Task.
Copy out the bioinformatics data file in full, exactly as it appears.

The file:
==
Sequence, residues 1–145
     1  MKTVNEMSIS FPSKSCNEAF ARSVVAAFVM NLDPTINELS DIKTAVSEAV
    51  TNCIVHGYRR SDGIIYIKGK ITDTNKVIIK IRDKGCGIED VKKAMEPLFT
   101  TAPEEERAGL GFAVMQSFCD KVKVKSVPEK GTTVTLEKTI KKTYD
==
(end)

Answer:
Sequence, residues 1–145
     1  MKTVNEMSIS FPSKSCNEAF ARSVVAAFVM NLDPTINELS DIKTAVSEAV
    51  TNCIVHGYRR SDGIIYIKGK ITDTNKVIIK IRDKGCGIED VKKAMEPLFT
   101  TAPEEERAGL GFAVMQSFCD KVKVKSVPEK GTTVTLEKTI KKTYD